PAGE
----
Predictions For The 2005 Corn Crop
USDA's Monthly Crop Report, released on Friday, pre-
dicts corn and soybean crops quite close to most pre-report es-
timates. The 2005 corn crop is currently pegged at 10.35 billion bush-
els, 12% lower than last year's record crop of 11.7 billion bushels. The
driver is, of course, lower yields which are expected to decrease the na-
tional average yield to 139.2 bushels per acre, 21.2 bushels lower than
one year ago.
The predicted yield for this year is lower for every Corn
Belt state except Michigan and dramatically lower for several. The 2005
shortfall is predicted to be largest for Missouri (99 bu. vs. 162 last year)
and Illinois (125 vs. 180).
USDA'S World Agricultural Supply and Demand Estimates (WASDE)
was released Friday as well. Total corn availability for this crop year will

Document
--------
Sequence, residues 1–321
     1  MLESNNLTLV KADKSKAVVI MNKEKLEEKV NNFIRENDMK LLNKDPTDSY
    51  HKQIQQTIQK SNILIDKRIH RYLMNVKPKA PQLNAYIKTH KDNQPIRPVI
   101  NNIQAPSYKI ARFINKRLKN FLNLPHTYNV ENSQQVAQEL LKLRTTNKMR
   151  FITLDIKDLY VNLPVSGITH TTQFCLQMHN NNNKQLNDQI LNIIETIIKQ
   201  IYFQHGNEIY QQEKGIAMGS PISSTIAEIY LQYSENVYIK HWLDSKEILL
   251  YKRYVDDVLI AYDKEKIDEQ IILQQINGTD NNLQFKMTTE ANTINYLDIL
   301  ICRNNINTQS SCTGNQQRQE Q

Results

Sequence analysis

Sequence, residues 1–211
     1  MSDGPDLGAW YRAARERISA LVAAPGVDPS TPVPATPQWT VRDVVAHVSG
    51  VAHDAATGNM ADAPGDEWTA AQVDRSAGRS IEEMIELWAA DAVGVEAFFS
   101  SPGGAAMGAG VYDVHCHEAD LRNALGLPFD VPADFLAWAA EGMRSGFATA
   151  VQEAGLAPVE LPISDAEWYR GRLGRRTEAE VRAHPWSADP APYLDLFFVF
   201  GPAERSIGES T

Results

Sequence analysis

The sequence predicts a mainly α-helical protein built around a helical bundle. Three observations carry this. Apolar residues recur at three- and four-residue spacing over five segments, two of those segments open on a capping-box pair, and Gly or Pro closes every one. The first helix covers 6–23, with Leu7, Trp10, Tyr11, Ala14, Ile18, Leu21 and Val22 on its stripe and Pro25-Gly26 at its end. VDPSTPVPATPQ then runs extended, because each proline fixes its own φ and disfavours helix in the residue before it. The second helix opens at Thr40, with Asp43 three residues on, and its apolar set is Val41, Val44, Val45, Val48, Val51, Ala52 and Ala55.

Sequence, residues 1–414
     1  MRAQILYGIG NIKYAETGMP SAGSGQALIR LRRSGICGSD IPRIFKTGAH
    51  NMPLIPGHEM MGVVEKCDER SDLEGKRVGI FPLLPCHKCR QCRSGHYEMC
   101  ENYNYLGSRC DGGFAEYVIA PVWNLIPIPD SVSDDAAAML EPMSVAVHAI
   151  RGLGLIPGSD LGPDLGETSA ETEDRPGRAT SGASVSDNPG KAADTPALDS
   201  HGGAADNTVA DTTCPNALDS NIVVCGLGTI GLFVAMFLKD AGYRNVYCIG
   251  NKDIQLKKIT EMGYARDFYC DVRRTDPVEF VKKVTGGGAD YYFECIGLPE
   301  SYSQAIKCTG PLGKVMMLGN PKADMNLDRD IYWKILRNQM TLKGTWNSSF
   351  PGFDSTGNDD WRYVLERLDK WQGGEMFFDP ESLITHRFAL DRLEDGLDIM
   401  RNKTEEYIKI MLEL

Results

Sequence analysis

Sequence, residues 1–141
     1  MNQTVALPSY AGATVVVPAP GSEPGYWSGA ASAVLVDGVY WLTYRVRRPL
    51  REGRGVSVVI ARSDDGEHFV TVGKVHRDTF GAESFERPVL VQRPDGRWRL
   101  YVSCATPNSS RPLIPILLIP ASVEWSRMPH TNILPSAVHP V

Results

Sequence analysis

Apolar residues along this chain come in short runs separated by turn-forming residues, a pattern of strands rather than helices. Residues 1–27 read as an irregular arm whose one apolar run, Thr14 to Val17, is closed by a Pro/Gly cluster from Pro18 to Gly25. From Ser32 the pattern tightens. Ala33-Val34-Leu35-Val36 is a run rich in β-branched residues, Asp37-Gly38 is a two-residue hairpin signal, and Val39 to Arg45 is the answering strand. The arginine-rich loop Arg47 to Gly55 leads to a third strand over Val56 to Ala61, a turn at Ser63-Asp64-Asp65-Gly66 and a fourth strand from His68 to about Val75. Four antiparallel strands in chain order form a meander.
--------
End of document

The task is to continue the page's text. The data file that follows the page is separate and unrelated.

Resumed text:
be 12.47 billion bushels (2.110 bil. bushel carryover plus this year's crop)
while usage will be 10.57 billion bu. That usage figure is 100 billion fewer
than last year with the entire reduction coming in the feed and residual category.
Lower fed cattle numbers will
have to account for much of this decrease since hog and broiler numbers
will almost certainly be higher next year. The projected 1.9 billion
bushel carryout for the `05-'06 crop year is still substantial and nearly
twice as large as two years ago when corn prices spiked upward. The
WASDE report raised its predicted farm price for the coming year only 10
cents per bushel. CBOT new-crop corn futures closed down 6-7.5 cents
per bushel on Friday.
BOTTOM LINE: Higher feed costs this coming crop year
but not enough higher to discourage growth of broiler output or
an expansion in the pork industry, nor to severely depress
feeder cattle prices.
Source: CME Daily Newsletter 14 Aug 2005.
posted by Dr. Harlan Hughes 7:11 PM